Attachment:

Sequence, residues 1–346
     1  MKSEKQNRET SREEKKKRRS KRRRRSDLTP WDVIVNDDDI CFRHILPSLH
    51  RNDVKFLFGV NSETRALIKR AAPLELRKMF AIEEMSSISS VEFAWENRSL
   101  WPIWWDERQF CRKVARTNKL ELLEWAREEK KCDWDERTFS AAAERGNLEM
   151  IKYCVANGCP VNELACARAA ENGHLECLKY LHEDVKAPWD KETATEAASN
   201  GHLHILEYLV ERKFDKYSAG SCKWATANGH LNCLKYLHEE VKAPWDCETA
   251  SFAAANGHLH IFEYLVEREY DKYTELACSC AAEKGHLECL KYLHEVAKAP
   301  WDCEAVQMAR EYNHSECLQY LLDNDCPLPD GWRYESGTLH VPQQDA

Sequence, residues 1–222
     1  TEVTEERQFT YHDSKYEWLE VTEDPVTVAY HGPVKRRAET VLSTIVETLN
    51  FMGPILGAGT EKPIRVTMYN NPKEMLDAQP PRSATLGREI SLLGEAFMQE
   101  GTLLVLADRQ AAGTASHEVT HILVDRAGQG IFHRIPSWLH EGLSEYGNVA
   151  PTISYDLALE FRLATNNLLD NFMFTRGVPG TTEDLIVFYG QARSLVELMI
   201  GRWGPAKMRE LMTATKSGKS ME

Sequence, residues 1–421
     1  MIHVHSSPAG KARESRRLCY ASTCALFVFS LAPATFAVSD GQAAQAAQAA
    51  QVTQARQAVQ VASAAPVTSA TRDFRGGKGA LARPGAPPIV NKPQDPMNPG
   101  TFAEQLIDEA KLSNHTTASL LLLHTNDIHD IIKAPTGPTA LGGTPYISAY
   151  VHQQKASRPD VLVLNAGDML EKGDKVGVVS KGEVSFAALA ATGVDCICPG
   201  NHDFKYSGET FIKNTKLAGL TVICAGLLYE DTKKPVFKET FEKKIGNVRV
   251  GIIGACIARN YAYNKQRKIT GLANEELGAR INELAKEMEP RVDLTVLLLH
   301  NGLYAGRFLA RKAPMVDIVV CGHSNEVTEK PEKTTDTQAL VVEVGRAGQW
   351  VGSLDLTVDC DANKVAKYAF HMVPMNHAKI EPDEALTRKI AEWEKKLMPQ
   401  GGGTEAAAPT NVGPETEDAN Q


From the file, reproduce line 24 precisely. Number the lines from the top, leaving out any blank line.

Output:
   401  GGGTEAAAPT NVGPETEDAN Q